All we seem to hear about these days is how many people want to move into the United States.
So, it may come as a surprise to learn that more Americans than ever want to move out.
Last year, 3,000 people gave up their American citizenship, more than triple the number in 2012.
Many are leaving for tax reasons, others to be with family, some to return to their homeland, and a growing number to retire. Under U.S. tax law, it is no longer relevant why someone chooses to renounce citizenship, but before 2004 expatriates had to pay U.S. tax for a full 10 years after expatriating if their motive was tax avoidance. The tax avoidance motive was very difficult for the government to prove, so the “motive test” was done away with in 2004.
But the numbers continue to grow. In the first six months of 2014, nearly 1,600 Americans renounced their citizenship, according to recently released U.S. Treasury statistics.
The Treasury Department actually publishes the names of all individuals who give up their citizenship, which is how it was discovered a few years back that Facebook co-founder Eduardo Saverin did just that when he moved to Singapore – taking his billions with him, according to Forbes magazine. His departure caused outrage in Congress. Singer Tina Turner is another who recently gave up her citizenship and is living in Switzerland now.
The United States is the only developed country that taxes the income its citizens earn anywhere in the world, regardless of where they live or where the income is earned. Americans living in other countries do receive a foreign tax credit to offset taxes paid in another country on some, but typically not all, earned income.
Some of the exodus is linked to the U.S. government’s crackdown on foreign banks through the Foreign Account Tax Compliance Act (FATCA), passed in 2010, requiring financial institutions to disclose the assets of Americans living abroad. Most foreign banks cooperate, but some aren’t happy about the situation and refuse to take U.S. accounts.
There are huge penalties for not claiming income that comes to light in foreign bank account reports, FBARs. U.S. citizens living abroad now also must submit FATCA Form 8938 with their income tax returns.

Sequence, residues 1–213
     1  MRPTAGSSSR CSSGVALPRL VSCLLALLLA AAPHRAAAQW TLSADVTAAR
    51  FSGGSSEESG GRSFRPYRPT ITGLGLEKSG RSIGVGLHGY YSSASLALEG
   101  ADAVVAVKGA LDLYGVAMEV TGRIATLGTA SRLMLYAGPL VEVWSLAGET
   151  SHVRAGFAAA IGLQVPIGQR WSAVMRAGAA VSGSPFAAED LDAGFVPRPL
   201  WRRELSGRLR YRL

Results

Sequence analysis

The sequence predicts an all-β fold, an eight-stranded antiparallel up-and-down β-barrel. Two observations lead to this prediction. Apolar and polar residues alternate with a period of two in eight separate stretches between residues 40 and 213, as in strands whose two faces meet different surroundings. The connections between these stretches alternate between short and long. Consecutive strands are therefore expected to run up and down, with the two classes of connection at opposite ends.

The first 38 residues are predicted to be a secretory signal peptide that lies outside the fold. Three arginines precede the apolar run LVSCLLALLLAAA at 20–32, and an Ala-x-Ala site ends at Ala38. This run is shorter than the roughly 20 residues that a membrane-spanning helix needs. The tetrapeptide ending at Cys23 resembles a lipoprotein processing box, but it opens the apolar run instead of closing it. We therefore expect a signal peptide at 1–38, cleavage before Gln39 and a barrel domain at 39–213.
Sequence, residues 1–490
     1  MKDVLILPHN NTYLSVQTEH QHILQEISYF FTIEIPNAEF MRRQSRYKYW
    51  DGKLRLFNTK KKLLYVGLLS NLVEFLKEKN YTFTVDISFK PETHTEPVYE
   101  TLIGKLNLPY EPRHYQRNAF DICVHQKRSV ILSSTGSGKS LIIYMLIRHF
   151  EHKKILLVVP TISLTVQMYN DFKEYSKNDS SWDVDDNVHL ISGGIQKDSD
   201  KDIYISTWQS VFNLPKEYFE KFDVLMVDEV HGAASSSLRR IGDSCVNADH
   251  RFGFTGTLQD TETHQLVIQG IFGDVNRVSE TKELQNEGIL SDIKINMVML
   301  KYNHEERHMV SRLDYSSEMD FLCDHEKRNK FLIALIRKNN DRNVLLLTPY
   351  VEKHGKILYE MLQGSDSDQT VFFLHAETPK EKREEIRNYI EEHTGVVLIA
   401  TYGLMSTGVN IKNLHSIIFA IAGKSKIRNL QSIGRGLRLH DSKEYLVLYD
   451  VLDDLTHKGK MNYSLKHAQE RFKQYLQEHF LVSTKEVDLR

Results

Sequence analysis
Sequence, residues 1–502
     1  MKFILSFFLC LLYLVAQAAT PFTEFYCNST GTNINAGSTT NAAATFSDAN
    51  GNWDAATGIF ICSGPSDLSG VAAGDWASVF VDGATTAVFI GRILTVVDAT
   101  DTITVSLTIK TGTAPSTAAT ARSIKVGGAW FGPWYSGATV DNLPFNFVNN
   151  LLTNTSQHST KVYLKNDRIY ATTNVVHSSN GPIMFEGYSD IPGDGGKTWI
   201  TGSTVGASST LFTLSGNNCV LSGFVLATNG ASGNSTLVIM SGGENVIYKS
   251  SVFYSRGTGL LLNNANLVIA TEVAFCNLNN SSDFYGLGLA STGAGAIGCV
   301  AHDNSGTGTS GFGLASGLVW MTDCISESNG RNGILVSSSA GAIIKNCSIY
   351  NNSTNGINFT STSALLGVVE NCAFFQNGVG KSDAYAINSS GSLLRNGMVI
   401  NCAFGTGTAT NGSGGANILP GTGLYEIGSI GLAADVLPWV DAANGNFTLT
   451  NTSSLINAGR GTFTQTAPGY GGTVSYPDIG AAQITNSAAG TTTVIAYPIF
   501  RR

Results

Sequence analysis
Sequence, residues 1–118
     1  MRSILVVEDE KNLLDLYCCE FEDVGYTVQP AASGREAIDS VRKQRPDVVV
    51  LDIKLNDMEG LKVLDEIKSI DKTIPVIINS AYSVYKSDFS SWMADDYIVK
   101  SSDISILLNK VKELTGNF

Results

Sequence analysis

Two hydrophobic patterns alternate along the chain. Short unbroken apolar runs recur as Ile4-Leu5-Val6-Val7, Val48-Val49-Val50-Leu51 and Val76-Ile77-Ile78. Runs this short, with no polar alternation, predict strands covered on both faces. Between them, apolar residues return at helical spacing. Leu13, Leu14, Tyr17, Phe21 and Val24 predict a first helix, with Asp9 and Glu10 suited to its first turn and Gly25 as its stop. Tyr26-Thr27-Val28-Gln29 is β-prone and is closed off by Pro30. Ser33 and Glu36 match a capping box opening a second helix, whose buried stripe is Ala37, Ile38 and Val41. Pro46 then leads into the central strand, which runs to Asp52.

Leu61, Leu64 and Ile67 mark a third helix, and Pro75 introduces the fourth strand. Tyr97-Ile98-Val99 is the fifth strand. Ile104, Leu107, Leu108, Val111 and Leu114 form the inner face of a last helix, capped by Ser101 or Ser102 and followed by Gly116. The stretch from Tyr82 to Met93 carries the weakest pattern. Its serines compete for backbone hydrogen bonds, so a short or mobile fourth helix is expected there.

So maintaining citizenship while living abroad can have a high price tag, which is why more and more Americans are giving up their citizenship. But giving up citizenship does not come without a cost – at least for high-income Americans.
An expatriation tax applies to Americans who renounce their citizenship or long-term residents who ended their U.S. resident status for tax purposes after June 16, 2008, if any of the following apply to the expatriot (Sections 877 and 877a of the Internal Revenue Code):
U.S. citizens who renounce their citizenship or long-term citizens giving up their green cards after June 16, 2008, are charged an exit tax and are deemed to have sold all of their worldwide property at fair market value the day before they expatriate. They must pay capital gains tax on that amount. For 2014, they receive an exemption of $680,000.
In addition, none of the positive tax provisions of the tax code apply, such as the $250,000 single/$500,000 married exemption on selling your primary residence, which makes the exit tax more like an estate tax. The exit tax can be deferred until such time that the assets are actually sold, but the capital gains tax rate at the time of the sale applies.
For those who expatriated before June 18, 2008, if they spend more than 30 days a year in the United States during the 10 years after they renounced citizenship, they are considered a U.S. citizen for that year and subject to income tax. Those who expatriated after that date are not subject to that rule.